KLEMZ wrote:
mainebowhunter wrote:But that is one difference, I run a lot of trail cameras. Lots of places, timber as far as you can see...stopped and took this photo today.

Image resized to 48% of its original size [1024 x 576]
Image



Nice looking country. I find it interesting that there are apple trees scattered throughout the forest. I have never seen an apple tree in the forest I hunt, and it is miles of unbroken timber.
I like that you use them as a focused point of destination for the deer you hunt. It makes sense to use trail cameras at the apples and then back track to bedding once you ID a nice buck.

My statement on trail cams not being used to find a trophy holds true for me. I find it much more reliable to walk likely terrain edges until I find huge tracks. I look for areas where I find multiple sets of his tracks of varying ages and then scan my topos/maps for likely bedding within, say, 1/4 mile. I would say the mature buck bedding I have found in this terrain is usually terrain based (mild to moderate elevation points, humps).

This year I do plan to "camera bomb" a couple of bedding areas (thanks Dirtnapgiver) to hopefully learn his comings and goings for future hunting.


The reason for the apple trees? 50-75yrs ago there were farms there. Stonewalls are EVERYWHERE. Crazy, you can be way back in the timber...and there is a stonewall that runs forever. Maine is now 93% timber. It used to be pretty wide open. Hence, apple trees way back surrounded by 50+yrs of tree growth.

Running a bunch of cameras... Its the #1 tool that has helped me learn a bunch about deer movement.
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Re: Flatland elevation bedding

Unread postby wmahunter » Sat Mar 05, 2016 4:14 am

After seeing your pictures, I realized I was on the right track. I started finding deer beds 5 yrs ago, but just did not know how to utilize this new find. Trying to get real close to deer in the swamps or even dry woodlands down here is near impossible. One twig crack or the wind shifts and they are gone.

I found one in the summer a couple of years ago, 3 does and buck jumped out of the bedding. It was on a topo point. He was an 8 pt and some lucky person got him. That area was really thick while others are out in the open.
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Re: Flatland elevation bedding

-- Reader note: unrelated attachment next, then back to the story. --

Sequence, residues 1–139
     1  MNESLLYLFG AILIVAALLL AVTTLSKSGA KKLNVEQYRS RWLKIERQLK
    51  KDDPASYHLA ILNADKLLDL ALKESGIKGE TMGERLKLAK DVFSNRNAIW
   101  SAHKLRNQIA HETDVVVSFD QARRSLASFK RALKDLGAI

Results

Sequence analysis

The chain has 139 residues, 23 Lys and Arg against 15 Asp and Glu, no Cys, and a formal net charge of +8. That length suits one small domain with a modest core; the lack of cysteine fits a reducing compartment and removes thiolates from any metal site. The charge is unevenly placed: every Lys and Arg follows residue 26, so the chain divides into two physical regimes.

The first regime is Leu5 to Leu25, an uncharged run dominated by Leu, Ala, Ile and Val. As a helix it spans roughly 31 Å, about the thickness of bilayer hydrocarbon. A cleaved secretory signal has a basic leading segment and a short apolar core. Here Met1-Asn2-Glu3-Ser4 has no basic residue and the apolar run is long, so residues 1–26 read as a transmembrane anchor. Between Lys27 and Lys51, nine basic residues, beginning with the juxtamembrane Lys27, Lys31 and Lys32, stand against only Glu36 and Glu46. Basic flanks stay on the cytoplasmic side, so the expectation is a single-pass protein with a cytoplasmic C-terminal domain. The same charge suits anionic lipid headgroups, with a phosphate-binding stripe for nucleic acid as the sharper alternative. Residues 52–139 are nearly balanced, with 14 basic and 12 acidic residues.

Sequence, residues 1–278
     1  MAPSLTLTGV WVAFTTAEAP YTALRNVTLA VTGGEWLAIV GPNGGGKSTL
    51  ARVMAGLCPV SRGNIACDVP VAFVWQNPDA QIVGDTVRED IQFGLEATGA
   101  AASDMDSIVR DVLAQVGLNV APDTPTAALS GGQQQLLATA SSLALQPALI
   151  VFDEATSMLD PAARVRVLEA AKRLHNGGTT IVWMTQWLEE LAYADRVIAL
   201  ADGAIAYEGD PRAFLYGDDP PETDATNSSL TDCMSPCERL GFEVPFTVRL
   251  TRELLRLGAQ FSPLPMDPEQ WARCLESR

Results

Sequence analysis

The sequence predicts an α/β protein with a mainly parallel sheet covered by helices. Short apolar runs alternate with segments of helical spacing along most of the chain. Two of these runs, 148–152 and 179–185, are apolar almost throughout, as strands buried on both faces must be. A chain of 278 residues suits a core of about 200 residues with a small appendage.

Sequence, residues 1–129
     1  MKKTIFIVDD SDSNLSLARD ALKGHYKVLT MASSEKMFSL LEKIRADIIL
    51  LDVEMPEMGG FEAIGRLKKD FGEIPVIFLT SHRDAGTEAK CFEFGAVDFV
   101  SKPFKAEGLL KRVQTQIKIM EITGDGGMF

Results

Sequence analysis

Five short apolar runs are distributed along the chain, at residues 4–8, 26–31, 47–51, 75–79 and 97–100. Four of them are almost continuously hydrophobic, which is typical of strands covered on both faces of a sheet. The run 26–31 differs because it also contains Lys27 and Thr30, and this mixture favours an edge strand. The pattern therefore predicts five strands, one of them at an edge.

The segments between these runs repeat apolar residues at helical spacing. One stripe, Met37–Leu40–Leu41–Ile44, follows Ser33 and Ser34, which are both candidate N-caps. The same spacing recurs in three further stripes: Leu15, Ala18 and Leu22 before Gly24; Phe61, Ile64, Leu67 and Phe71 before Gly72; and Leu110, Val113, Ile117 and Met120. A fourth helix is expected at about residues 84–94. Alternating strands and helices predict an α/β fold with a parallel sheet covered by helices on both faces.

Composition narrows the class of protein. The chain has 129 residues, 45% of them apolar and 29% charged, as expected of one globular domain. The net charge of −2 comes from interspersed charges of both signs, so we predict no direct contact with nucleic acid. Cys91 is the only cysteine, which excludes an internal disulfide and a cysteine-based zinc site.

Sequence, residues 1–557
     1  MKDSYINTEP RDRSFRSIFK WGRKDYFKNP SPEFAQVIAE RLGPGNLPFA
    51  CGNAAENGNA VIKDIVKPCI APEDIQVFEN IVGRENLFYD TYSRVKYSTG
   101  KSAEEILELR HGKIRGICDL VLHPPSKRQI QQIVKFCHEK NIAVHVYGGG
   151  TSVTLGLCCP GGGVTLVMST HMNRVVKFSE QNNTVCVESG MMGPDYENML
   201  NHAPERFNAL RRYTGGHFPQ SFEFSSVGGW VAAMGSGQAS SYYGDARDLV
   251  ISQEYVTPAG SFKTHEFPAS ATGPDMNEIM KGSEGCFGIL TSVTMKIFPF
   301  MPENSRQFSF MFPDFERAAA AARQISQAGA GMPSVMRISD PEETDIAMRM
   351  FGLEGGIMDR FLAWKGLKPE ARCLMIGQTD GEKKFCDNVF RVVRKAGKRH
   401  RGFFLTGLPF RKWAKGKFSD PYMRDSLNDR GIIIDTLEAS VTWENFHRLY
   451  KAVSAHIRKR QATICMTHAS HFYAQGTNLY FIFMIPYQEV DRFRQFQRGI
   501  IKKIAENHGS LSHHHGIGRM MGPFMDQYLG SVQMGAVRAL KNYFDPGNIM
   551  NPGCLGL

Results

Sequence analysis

Unread postby mainebowhunter » Sun Mar 06, 2016 1:03 am

wmahunter wrote:After seeing your pictures, I realized I was on the right track. I started finding deer beds 5 yrs ago, but just did not know how to utilize this new find. Trying to get real close to deer in the swamps or even dry woodlands down here is near impossible. One twig crack or the wind shifts and they are gone.

I found one in the summer a couple of years ago, 3 does and buck jumped out of the bedding. It was on a topo point. He was an 8 pt and some lucky person got him. That area was really thick while others are out in the open.


Honestly, in really thick spots like this...your not going to shoot a buck in his bed. Just no way to access and get a shot. But you can definitely figure out the direction of travel and catch him headed in that direction. When this spot greens up, its a jungle. Beds take time to find when everything is thick.
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Re: Flatland elevation bedding

Unread postby TN Whitetail Freak » Wed Mar 16, 2016 9:34 pm

just like one can use caltopo to find the upper 1/3 of hills in hill country to focus scouting, one can use DEM Shading to locate high spots in the swamp...it is one of the main things i do when scouting new ground because most of the public ground is cypress swamsp....by playing with the numbers when creating a DEM Shading object you can narrow down the elevation profile of the swamps...in my example 80-93 was the elevation profile i had to come up with to get the shading to show up.....as you can see the lowest spots are red and it blends into blue the higher the ground gets to ultimately being unshaded for ground higher than the numbers i set. showing me the high ground to focus on in hunting spots. As you can see in the south and southeast part of the pic there are a few unshaded spots surrounded by blue or red shading indicating a high spot in the timber almost like a hidden island.Image